RUMORS, written by the prolific comedy writer Neil Simon, is the latest offering from Desert Theatreworks, located in the Indio Performing Arts Center in Indio, CA.
The play is a classic farce in structure and the only farce Mr. Simon ever wrote for the stage, complete with the requisite door slams, coordinated entrances and exits and a situation that continues to grow in complexity and confusion no matter how anyone tries to help.
It is the 10th wedding anniversary of the city’s deputy mayor, Charley Brock, and his wife Myra (both of whom are never seen onstage). To celebrate the occasion they have invited 4 couples to their home (a wonderful set complete with multiple doors for slamming designed by Tessa Walker and beautifully lit by Phil Murphy). All the guests are obviously rich and well connected. First to arrive on the scene are Charley’s lawyer Ken Gorman (Ron Young) and his wife, Chris (Adriana Reyes). As they approached the house they heard gunshots and inside found no staff, uncooked food on the kitchen counter, Myra gone and Charley with a bleeding ear after a failed suicide attempt. Trying to protect his client’s reputation he instructs his wife to tell the doctor that Charley fell down the steps and banged his head but he is ok. They agree to not tell the others anything is wrong. Next to arrive are Lenny Ganz (Jerry Prager), Charley’s accountant and his wife Claire (Kari Kirkland). As the lies start to pile up causing some confusion, another couple arrives, Ernie Cusack (Arnie Kleban), Charley’s therapist, and his wife, the aptly named Cookie (Jannae Kleban) who has her own TV cooking show. As contradictions in the story appear so do new lies to cover it up. Just as some sense of calm seems to be attained, the last invited couple arrive at the house. They are Glenn Cooper (Mason McIntosh), running for State Senate and his wife Cassie (Alana Mittleman) who is intensely angry at her husband because she suspects he is cheating on her, The entire evening dissolves into utter chaos with false gossip and rumors, kitchen accidents and more gunfire making the dinner guests look like survivors from the Battle of Gettysburg. Just as things couldn’t get any worse, they do, with the arrival of two policemen, Officer Welch (David Brendel) and Officer Pudney (Laura Ortega). Although they are there for a different reason, everyone thinks they’re there because of the gun shots which necessitates one final mega-story by Lenny to try and make the policemen believe that all is well and get everyone off the hook. (spoiler alert – it works).
Farce is a very tricky form of theatre comedy. It has to be played in dead earnestness with a conviction of belief so that we in the audience can laugh at their very seriousness in the midst of all the absurdity. If an actor indicates anything except ‘this is all very serious and important’ the comedy gets deflated. Add to that the importance for consistency in farce. By that I mean a character’s behaviors must be consistent and in line with who they are. This is a way an actor gets an audience to believe in them and therefore care. It helps prime the audience for laughing because once we have a handle on a character we can anticipate how he or she will react in advance with laughter in a farce as the reward for doing so. By and large, the entire cast was really working hard, towards those aforementioned goals, though occasionally a bit too hard. So having said all of that, I thought Kari Kirkland deserved kudos for her performance. From the minute she walks onstage we have an idea of who she is and that is supported all evening long with a consistently funny performance that stays rooted in reality and believability no matter how absurd her comments or the situation gets. Her performance and delivery was met with a steady stream of laughter from the audience. Whether reacting to or passing on rumors herself, or, reacting to her fellow dinner guests, each zinger got a well-earned laugh.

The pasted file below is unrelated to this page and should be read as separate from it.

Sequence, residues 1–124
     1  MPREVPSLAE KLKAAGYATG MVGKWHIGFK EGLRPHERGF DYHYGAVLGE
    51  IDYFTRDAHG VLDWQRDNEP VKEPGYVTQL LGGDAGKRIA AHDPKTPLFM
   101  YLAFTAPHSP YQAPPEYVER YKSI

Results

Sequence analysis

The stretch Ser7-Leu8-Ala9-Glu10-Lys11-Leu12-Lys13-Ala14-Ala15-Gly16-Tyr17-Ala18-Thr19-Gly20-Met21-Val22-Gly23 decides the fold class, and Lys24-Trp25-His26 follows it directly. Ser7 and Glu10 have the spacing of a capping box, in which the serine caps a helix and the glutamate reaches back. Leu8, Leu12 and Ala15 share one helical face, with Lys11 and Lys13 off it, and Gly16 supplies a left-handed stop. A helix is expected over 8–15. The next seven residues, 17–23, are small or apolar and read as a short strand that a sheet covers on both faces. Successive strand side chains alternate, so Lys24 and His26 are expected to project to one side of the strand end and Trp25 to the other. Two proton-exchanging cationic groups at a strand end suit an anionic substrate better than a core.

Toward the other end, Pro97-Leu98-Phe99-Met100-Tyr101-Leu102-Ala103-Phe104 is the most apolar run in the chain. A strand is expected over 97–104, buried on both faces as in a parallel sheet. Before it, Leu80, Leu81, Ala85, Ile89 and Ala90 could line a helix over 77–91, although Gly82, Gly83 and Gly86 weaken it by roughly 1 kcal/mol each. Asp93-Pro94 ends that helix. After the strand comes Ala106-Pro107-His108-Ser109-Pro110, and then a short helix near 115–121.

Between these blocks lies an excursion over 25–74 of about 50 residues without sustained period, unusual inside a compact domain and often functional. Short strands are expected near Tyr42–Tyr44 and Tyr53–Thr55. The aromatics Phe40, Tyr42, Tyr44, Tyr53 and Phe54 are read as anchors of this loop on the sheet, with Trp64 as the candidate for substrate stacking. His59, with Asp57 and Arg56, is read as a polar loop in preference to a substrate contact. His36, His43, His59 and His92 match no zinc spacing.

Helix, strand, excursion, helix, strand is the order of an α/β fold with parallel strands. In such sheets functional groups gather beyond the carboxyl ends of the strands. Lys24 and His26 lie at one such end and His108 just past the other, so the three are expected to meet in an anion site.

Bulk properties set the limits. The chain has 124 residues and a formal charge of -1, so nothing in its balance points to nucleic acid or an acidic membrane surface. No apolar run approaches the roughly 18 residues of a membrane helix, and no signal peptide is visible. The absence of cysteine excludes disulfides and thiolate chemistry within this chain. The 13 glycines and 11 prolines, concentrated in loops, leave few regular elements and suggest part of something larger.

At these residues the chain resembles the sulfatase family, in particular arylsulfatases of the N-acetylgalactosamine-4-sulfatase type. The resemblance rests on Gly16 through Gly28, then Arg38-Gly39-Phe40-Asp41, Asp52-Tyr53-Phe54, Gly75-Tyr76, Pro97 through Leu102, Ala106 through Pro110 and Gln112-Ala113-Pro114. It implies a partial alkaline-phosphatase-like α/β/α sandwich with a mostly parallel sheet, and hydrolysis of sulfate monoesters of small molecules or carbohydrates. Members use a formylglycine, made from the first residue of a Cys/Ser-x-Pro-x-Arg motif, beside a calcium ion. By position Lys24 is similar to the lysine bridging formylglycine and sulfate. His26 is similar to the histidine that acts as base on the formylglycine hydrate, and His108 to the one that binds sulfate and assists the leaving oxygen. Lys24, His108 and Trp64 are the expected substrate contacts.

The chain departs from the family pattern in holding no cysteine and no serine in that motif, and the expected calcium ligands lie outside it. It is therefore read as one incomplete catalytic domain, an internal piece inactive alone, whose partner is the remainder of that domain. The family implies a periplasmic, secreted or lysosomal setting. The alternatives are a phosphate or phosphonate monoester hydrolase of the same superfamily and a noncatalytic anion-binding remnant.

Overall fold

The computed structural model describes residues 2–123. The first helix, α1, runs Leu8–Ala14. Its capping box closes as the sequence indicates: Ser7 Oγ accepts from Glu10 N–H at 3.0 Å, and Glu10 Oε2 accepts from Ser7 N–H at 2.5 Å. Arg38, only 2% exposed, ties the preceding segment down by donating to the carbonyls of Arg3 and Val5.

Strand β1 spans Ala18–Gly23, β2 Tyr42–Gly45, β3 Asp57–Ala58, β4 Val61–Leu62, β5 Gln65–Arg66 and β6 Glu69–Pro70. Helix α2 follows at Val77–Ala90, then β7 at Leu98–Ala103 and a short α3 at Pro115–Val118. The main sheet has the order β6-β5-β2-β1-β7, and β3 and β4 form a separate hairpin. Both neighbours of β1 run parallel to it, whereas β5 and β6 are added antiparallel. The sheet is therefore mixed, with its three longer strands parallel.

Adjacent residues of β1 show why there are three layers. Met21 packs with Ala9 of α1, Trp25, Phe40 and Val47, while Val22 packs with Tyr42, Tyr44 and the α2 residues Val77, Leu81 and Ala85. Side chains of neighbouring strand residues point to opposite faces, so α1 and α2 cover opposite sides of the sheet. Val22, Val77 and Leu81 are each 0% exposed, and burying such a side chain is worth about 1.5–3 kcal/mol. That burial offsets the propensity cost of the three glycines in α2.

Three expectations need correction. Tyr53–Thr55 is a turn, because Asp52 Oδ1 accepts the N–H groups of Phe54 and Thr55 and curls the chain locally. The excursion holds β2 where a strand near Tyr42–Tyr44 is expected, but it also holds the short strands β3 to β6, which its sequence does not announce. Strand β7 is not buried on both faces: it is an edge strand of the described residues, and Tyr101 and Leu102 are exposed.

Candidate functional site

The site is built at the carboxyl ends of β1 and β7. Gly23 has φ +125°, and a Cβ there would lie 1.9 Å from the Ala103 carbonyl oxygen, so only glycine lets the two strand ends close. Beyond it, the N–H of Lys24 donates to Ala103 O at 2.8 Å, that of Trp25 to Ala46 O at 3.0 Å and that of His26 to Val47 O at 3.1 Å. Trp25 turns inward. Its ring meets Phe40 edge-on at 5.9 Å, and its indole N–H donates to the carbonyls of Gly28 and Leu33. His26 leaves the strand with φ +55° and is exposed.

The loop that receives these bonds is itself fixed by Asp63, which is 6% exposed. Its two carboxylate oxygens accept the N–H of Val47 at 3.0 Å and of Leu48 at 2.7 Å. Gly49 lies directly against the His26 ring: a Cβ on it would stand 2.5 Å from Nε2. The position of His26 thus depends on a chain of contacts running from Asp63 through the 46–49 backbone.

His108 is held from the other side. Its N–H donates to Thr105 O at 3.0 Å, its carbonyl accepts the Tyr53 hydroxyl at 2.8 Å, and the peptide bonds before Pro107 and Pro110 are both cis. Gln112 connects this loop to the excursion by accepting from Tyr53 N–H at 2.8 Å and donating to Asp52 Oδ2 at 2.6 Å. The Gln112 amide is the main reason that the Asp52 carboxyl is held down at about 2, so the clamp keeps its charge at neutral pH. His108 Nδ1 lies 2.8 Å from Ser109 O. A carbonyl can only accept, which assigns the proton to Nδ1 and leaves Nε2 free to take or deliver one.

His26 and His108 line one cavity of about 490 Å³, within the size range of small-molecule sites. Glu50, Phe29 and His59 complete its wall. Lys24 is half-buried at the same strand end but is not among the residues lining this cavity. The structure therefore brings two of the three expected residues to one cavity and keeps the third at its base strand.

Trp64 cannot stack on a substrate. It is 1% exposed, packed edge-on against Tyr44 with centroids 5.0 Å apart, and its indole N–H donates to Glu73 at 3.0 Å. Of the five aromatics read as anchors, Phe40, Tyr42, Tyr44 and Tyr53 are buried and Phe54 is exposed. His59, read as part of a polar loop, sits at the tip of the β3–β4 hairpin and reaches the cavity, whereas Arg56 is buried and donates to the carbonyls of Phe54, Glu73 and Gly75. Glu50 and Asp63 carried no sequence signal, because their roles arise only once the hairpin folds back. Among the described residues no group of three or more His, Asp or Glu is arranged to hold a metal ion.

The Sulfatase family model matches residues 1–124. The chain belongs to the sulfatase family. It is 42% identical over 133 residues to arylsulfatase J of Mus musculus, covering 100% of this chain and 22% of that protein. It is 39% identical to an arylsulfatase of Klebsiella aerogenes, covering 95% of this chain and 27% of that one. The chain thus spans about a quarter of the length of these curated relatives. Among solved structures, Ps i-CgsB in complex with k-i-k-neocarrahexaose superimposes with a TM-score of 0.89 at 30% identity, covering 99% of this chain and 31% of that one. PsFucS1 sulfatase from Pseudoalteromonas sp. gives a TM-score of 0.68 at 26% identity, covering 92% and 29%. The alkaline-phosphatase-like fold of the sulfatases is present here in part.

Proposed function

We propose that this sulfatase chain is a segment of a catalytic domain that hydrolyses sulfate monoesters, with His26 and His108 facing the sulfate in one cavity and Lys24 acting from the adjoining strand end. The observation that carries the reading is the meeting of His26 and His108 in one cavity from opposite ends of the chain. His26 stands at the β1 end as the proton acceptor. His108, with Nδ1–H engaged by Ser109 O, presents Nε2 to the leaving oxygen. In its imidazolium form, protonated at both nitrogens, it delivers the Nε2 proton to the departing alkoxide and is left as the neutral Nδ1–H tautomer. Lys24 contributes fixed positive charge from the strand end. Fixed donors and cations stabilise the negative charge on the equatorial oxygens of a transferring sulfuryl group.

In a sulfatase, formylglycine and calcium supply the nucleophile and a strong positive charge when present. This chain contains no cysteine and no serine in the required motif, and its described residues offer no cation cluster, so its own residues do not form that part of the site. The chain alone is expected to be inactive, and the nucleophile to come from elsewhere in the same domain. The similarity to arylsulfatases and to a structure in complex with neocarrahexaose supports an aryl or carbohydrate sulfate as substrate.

Another thing about farce concerns the pacing and the slow build-up needed to build up to the ultimate explosion before all is, at least for the moment, made right in the world. Partly due to the script but also partly due to directorial choices, the play began at such a high feverish pitch that it had nowhere really to go. By jumping in at the deep end of the pool, so to speak, we are not allowed to see the slowly mounting panic in each of the characters for their own various reasons. I feel that some laughs were lost or could have been bigger had things not started at the full panic level.
Neil Simon wrote over 30 plays for the stage, yet this is his only farce. It is not among the best of his work. It never dips below the surface to give any insights into the behaviors of the privileged and the ending comes on very quickly and a bit too neatly. But even a less-than-perfect play by Neil Simon is better than many other evenings spent in the theatre. There are still plenty of laughs and fun to be had, as the entire audience loudly confirmed on opening night.
RUMORS runs through March 1, 2020. For tickets or more information call the box office at 760-980-1455 or go to http://www.dtworks.org/
Photos by Paul Hyashi